In additional signs of Russian support, upon his release, Kocharyan was interviewed by state-controlled Russian media, where he spoke of his return to politics. While Kocharyan’s chances of challenging Pashinyan politically are at this point highly doubtful, he can play spoiler, by trying to block early parliamentary elections and leaving Pashinyan vulnerable to replacement by the National Assembly still dominated by the former ruling Republican Party.

In what amounted to a response to Kocharyan’s challenge, Pashinyan announced plans for constitutional reforms that would make it possible for parliament to dissolve itself without Pashinyan’s resignation (though any reform would still need the backing of Republicans in parliament). And after the Appeals Court upheld Kocharyan’s constitutionally-mandated immunity from prosecution in the 2008 case, Pashinyan floated the notion of “transitional justice” as a way to sidestep such restrictions.

While keeping pressure on Kocharyan, Pashinyan sought to downplay the differences that emerged with Russia as a “natural” outcome of Moscow getting used to a new Armenian government. Reports of the new Pashinyan-Putin meeting on September 8 were leaked to the Armenian press shortly after Putin’s message to Kocharyan and even before a date was agreed. Pashinyan clearly realizes that a lasting breakdown in Russian-Armenian relations can have consequences for Armenia’s security and economics, and consequently for Pashinyan’s own political viability.

The Azerbaijan factor

Predictably, the Azerbaijani leadership has also sought to capitalize on this situation by floating the notion of gaining an observer status at the CSTO, which is seen as a way for Azerbaijan to shift the balance of forces in Karabakh in its favor. Ilham Aliyev visited Putin on September 1 and is now expected to host Putin at the end of the month. As a result, Pashinyan might be forced to consider concessions to Azerbaijan, such as on the matter of CSTO observer status. Russia would welcome this as a step towards the expansion of the CSTO and the Eurasian Economic Union. In exchange, Putin might be expected look the other way should Kocharyan again be jailed in Armenia.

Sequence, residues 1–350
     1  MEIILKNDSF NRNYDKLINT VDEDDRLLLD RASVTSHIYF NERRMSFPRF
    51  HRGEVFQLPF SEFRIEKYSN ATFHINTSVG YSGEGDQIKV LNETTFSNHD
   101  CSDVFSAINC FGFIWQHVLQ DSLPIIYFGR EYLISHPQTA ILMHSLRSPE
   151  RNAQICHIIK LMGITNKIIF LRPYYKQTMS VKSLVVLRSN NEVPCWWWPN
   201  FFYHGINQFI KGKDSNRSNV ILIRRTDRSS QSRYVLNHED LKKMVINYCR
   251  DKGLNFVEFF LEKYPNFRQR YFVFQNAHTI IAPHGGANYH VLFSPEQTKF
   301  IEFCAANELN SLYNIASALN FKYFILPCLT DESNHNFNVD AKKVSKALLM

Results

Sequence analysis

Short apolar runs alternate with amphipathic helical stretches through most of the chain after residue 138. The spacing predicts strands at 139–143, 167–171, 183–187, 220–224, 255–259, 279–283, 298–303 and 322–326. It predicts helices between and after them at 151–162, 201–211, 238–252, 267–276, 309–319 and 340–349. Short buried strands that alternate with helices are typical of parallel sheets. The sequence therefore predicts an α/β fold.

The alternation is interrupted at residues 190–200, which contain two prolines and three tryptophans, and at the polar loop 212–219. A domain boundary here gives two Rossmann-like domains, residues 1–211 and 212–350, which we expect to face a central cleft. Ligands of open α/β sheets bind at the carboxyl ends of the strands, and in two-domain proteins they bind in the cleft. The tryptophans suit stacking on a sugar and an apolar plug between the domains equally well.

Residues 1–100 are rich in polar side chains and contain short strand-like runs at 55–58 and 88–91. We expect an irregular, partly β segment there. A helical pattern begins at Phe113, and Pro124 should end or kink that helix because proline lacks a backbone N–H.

Already, Pashinyan sought to assure Russia of his loyalty by curtailing outreach to the West, expanding purchases of Russian weaponry and taking part in Russian-led security operations in Syria. According to media reports, Pashinyan may even be pressured to sack some of the government officials seen as particularly critical of the Russian government. But it remains to be seen if either Pashinyan or Putin would be ready to compromise on the Kocharyan matter.

To be sure, relations between Armenia and Russia were never problem free and crises have occurred before. In the 1990s, these crises resulted in Soviet/Russian military actions against Armenian interests, threats of sanctions and diplomatic demarches. Under Serzh Sargsyan, Armenia’s negotiations with the European Union for a political and economic pact resulted in the increase in Russian gas prices and were accompanied by massive weapons sales to Azerbaijan. In the absence of Western security guarantees, Armenia was forced to abandon EU talks and join the Eurasian Union.

In the current crisis, Pashinyan will need to find a balance between his domestic political priorities and the country’s pressing security and economic needs.

Emil Sanamyan lives in Washington DC, and specializes in the politics of the Caucasus.